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On June 6, 1944, Tom Blakey and 17 other U.S. Army soldiers from the 82nd Airborne Division parachuted in darkness behind Nazi lines and into the greatest invasion in military history.
A small-town kid from Texas, Blakey was in a cemetery at 1 a.m. in Saint Marcouf, France, while 156,000 soldiers, including 73,000 Americans, were in the Atlantic Ocean preparing to storm the beaches of Normandy in the largest amphibious invasion in world history. Now 93 years old, Blakey still remembers it all vividly. On the 70th anniversary of D-Day, he spoke with NBC's Tom Brokaw at the National World War II Museum in New Orleans, where he volunteers, and again at the Normandy American Cemetery in France.
"I don't want to be a hero for anybody,'' Blakey said. Gesturing at the graves of fallen soldiers in the Normandy American Cemetery, he added: "They are the heroes. They're the ones that did it, that gave the best that they could."
Brokaw, who detailed the historic invasion in his best-selling book "The Greatest Generation,'' particularly felt the weight of the day on Friday's anniversary.
"I'm at a stage in my life, and having gone through what I have with my health issues in the last year, I think a lot more about them, about what they had to face,'' Brokaw told Matt Lauer on TODAY. "It was magnified by an infinite number to what I'm going through, and it was a life-changing experience for me, professionally and personally as well.
"I am utterly in awe of what they did. Not just here, but around the world. It's an enduring lesson that we must never forget."
Blakey will never forget the early hours of the Normandy invasion, when he landed 12 miles from where he was supposed to land with one simple thought in his mind.
"I hope I don't mess up,'' he said.
Shrouded in darkness, he had only a clicking device in his hand to determine in an instant whether anyone he encountered was an American or a Nazi.
"You gotta find somebody to give a click to, but you don't want to give yourself away to just anybody,'' he said. "Give him one click. If he's a German, he won't answer back. If he's an American, he'll answer back (with) two clicks. Then you know you've got a friend."
Blakey and his unit soon engaged the Germans in fierce fighting.
"I had five bullets that could've killed me, any of 'em,'' Blakey said. "One of them [went] right by the side of my helmet and left a silver streak where it took the paint off."
Blakey only had one thought at that point.
"Well, I'm gonna get the next one,'' he said.
Seventy years later, Blakey can still remember the first Nazi he shot dead, even though he never got a clear look at his face.
"He jumped in the air, raised his hands, dropped his rifle and fell backwards,'' Blakey said.
Blakey killed numerous men after that, but was haunted for more than 50 years by the first man he shot dead. He never told anyone but his wife about the image of the German soldier that continually appeared in his nightmares.
"He did not go away,'' Blakey said.
Finally, his work at the World War II museum in New Orleans helped free him from the trauma, because he realized he was killing for a greater cause.
"We were fighting Germans who were doing bad things to people,'' he said.
While Blakey was fighting the Nazis behind enemy lines, men like Frank DeVita, a self-described "skinny runt from Brooklyn,'' were at sea, readying themselves for an unprecedented amphibious assault. DeVita was only 18 years old when he dropped out of his senior year of high school to enlist in the Coast Guard after the Japanese bombed Pearl Harbor.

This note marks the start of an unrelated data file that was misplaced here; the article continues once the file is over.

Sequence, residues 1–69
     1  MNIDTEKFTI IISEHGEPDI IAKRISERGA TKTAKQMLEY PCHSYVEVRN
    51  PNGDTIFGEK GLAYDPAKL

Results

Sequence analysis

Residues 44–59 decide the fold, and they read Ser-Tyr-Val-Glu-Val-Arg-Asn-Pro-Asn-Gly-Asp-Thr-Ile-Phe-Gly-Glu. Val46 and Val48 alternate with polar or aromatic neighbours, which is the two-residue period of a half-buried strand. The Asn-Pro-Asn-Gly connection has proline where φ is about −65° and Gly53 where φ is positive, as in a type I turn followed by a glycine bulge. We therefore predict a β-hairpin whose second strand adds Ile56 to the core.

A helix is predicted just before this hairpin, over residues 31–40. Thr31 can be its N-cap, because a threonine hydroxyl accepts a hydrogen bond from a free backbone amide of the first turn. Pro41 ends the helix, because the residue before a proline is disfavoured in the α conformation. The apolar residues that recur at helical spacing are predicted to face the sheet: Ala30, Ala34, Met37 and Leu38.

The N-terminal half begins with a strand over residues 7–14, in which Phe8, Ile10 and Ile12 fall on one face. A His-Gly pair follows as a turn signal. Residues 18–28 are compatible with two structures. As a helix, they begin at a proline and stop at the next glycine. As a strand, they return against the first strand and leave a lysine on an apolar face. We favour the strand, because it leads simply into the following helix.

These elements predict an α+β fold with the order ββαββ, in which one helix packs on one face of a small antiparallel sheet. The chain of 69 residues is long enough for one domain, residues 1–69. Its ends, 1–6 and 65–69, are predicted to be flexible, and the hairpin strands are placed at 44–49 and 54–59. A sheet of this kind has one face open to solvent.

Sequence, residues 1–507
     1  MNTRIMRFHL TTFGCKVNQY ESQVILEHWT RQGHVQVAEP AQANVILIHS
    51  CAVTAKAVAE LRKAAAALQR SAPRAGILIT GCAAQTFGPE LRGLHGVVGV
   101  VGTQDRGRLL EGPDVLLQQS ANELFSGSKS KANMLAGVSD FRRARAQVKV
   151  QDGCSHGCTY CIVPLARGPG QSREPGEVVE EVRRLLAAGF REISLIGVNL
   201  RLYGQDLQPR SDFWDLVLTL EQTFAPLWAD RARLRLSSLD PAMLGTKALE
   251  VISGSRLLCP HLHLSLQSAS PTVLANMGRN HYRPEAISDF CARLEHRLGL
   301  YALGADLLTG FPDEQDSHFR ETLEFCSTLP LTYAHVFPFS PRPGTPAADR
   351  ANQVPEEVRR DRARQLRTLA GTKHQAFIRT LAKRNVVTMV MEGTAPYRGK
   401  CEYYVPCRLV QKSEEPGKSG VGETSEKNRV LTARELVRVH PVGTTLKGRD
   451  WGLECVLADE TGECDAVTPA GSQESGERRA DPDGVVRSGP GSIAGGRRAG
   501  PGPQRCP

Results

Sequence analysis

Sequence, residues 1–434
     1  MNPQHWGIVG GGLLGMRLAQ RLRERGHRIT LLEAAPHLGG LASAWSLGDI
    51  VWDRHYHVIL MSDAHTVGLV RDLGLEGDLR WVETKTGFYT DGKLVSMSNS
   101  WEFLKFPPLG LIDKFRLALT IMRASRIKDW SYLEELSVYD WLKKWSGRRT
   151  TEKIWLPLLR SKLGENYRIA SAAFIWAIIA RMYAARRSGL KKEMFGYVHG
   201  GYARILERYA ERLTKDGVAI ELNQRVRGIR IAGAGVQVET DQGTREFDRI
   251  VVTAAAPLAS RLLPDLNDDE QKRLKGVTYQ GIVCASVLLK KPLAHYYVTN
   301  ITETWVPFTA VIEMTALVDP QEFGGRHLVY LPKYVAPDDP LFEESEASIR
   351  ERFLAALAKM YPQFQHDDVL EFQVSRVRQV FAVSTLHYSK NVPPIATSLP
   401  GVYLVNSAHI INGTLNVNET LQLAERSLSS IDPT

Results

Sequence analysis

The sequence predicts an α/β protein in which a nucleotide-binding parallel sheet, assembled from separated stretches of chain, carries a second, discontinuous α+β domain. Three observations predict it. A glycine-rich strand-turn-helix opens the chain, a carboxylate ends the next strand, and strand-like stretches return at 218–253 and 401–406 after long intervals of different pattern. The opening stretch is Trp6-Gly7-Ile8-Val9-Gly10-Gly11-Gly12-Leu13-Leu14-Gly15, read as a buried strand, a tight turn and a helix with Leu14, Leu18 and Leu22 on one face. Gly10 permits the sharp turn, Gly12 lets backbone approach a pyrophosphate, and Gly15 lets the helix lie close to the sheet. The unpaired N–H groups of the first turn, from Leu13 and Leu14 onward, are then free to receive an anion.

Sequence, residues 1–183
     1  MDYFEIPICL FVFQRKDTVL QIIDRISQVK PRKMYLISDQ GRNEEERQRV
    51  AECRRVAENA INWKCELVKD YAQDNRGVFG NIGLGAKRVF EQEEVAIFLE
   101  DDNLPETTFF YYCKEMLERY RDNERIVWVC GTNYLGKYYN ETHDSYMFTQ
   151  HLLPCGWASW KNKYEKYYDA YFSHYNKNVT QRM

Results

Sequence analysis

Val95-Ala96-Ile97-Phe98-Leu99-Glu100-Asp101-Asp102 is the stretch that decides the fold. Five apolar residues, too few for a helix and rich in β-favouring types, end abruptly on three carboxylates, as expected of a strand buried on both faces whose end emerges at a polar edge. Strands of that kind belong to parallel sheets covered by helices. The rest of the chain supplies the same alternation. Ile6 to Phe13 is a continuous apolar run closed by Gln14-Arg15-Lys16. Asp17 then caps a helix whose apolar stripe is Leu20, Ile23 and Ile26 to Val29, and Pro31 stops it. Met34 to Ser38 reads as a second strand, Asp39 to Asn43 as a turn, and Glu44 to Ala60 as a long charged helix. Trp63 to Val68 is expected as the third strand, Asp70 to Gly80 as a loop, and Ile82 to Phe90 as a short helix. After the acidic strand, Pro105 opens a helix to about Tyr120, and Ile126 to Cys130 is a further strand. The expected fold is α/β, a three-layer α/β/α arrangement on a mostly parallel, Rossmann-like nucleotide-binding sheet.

That same year, he landed on the Normandy beach code-named Omaha in a Higgins boat launched from the U.S.S. Samuel Chase to begin the assault. Seventy years later, he brought his entire family back to France to revisit that day, which began with the sounds of his fellow troops retching over the side of the boat followed by a hail of bullets from the Germans.
"We had overfed the troops that morning,'' DeVita told Brokaw. "They were all seasick. When we got near the beach, one particular machine gun took a liking to us and was hitting my boat. The Germans had the high ground. They were shooting down at us. It was like hitting fish in a barrel."
An emotional DeVita recalled the fear of being ordered to drop the ramp to the boat.
"I knew in my head, even though I was a young kid, when I drop that ramp, instead of the bullets hitting the ramp, they would come into the boat,'' he said. "So the coxswain says, 'Drop the ramp,' and I made believe I didn't hear him. So he said it a second time, and I made believe I didn't hear him. And the third time, he says, 'Goddamn, DeVita, drop the effin' ramp.
"We had 30 men on the boat. Three men made it to the beach. They were all wounded and some were dead."
DeVita can still remember the sounds of soldiers in their final moments.
"You know, there's a fallacy when a man is dying — they don't ask for God,'' he said. "The last word that that they say is, 'Mama, Mama."
Those painful memories have been with DeVita for 70 years, and he is just sharing them now with his children. Four generations of his family joined him at the beach in Omaha to honor his service. DeVita returned because he feels a duty to speak for the men who died that day.
"These kids were 18, 19 years old,'' he said. "They're never gonna see their son play Little League baseball. They're never gonna walk their daughter down the aisle, and they're never gonna hold their grandchild in their arms. They had their whole life ahead of them.
"My family thinks I'm a hero. I'm not a hero. When you go up to the cemetery above Omaha, those are the heroes. Those are my heroes."
DeVita is hoping his family and others take a lesson from the anniversary.
"Love your freedom,'' he said. "Because that's what we fought for. We fought for your freedom."